- Help your child brush and use only a pea-sized amount of toothpaste. Teach him/her to spit out toothpaste and to rinse with water.
- Set a good example for your child! Brush your own teeth twice a day and floss once a day. Be positive about dental visits.
Source: Michigan Dental Association
December 4, 2012
You know the guidelines: Your kids should brush teeth twice a day with a fluoride toothpaste for two minutes to help prevent tooth decay, cavities and promote oral health. But how often do your kids actually brush for the full two minutes? To kids, two minutes can feel like an eternity! Here are some ways to make brushing fun and easy for parents and kids:
- Brush with your child–Stand side-by-side in front of the bathroom mirror and brush together. Have fun. Let your child mimic your brushing technique.
- Set a timer–Electronic timers are readily available, but if you can find a small two minute hourglass timer, even better.
- Cute toothbrushes–Great-looking children’s brushes are in stores everywhere. Choose one that’s small enough for your child to hold comfortably, with a small, rounded head and very soft, polished bristles. Every few months you should replace it—particularly for preschoolers who tend to chew while they brush.
- Tasty toothpaste–Use toothpaste made for kids … it’s a safe and non-abrasive version, in mild flavors that kids love.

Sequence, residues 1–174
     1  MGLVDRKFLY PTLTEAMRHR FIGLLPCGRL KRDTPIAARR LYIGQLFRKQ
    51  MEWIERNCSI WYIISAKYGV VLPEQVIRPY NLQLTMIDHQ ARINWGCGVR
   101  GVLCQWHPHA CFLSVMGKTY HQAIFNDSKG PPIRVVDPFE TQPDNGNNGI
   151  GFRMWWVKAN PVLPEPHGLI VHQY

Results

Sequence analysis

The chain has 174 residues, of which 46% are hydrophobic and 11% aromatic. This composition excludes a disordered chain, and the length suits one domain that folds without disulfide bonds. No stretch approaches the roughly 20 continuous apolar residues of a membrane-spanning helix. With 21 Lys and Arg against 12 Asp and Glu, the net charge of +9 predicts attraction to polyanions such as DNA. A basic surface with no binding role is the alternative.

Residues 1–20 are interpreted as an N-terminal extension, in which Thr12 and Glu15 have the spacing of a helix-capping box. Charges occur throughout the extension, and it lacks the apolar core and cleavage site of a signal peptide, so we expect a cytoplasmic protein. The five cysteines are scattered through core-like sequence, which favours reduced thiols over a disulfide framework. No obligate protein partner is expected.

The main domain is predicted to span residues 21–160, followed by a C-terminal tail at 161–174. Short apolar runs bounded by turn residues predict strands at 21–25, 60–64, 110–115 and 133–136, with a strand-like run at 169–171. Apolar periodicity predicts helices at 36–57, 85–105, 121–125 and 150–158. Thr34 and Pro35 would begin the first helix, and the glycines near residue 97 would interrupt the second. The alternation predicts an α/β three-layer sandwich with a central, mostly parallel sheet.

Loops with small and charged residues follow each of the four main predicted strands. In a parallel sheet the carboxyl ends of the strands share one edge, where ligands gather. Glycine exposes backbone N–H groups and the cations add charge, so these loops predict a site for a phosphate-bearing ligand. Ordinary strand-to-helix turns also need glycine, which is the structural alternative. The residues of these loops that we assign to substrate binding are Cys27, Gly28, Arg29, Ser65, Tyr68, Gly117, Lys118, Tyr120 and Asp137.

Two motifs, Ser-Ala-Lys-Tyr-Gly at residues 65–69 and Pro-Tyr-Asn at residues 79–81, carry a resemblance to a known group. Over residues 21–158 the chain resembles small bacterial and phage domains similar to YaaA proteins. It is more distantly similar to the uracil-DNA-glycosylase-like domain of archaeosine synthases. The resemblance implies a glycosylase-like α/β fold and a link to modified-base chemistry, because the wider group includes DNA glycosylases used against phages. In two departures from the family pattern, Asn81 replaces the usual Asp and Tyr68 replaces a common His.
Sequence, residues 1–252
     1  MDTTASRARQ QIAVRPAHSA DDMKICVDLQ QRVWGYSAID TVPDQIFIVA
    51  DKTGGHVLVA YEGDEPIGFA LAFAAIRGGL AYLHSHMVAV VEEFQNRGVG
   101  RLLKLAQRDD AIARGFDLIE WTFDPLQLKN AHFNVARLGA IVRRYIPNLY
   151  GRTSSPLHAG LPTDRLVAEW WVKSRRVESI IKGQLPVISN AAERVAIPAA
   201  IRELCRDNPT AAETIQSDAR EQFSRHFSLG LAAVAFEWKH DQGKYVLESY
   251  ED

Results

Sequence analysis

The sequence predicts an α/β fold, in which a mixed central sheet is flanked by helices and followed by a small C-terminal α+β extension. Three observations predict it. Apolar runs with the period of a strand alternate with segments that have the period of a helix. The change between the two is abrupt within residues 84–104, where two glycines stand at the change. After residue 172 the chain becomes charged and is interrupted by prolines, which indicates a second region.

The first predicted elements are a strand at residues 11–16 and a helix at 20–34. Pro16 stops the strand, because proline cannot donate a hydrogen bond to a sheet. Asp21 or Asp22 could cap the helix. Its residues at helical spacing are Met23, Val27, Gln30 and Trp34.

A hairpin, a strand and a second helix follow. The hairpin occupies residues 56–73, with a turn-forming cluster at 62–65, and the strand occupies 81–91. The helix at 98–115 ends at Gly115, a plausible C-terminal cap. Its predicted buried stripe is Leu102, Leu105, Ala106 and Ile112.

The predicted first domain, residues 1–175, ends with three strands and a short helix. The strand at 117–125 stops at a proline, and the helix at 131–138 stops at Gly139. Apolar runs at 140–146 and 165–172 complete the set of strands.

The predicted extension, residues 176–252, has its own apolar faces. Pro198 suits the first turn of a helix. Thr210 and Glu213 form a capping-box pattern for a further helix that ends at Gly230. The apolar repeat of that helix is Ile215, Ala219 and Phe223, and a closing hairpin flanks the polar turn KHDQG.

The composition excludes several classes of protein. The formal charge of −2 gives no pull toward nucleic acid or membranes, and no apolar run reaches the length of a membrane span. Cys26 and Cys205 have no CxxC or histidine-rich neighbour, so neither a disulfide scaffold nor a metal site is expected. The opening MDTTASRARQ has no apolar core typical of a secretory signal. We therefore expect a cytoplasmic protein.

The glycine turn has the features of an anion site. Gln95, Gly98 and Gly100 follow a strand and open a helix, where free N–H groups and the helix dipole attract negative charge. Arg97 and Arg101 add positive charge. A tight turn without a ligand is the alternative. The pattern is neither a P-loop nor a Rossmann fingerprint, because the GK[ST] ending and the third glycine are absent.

- Say ahhhhh!–Your child can’t say “ahhh” with his or her mouth closed. As you brush, suggest varying the pitch, tone, and rhythm of the “ahhh” to keep things interesting.
- Bring a friend–At bedtime, invite your child’s favorite stuffed animal into the bathroom to watch the brushing.
- Make a sticker poster–Hang a piece of bright construction paper on the bathroom wall. Each time your child has a thorough brushing, he or she can choose a sticker or star and put it on the poster.
Sources: Orajel and www.sheknows.com
October 24, 2012
Halloween is the perfect time to teach children moderation in eating. Help kids include their sweet treats in a healthy eating plan, set limits on when and how much candy they can have, and stick to those limits. Inventory your children’s candy, and don’t let them eat too many treats at once. Most candy has a long shelf-life. Put the “treat stash” out of children’s reach and limit them to eating about two pieces of candy a day.
Teach kids that sweets can fit into their diet in limited amounts, maybe as part of a certain meal, as a snack with a fruit, etc. Combine a treat, such as a miniature candy bar, with a healthy snack like an apple. Make sure the child eats the apple first so they are less hungry for the treat. This provides them with the health benefits of the apple while teaching them healthier eating habits.
If your child comes home with too much candy and sweet treats, arrange a buyout. Pay a nickel or dime for each sweet treat they “sell” you, and let them “earn” money for a toy or game they want to buy. Remember that sugary Halloween candy contributes to tooth decay. Tooth brushing and flossing are extremely important after eating sweets or any foods that stick to the teeth.
(Source: Clemson University)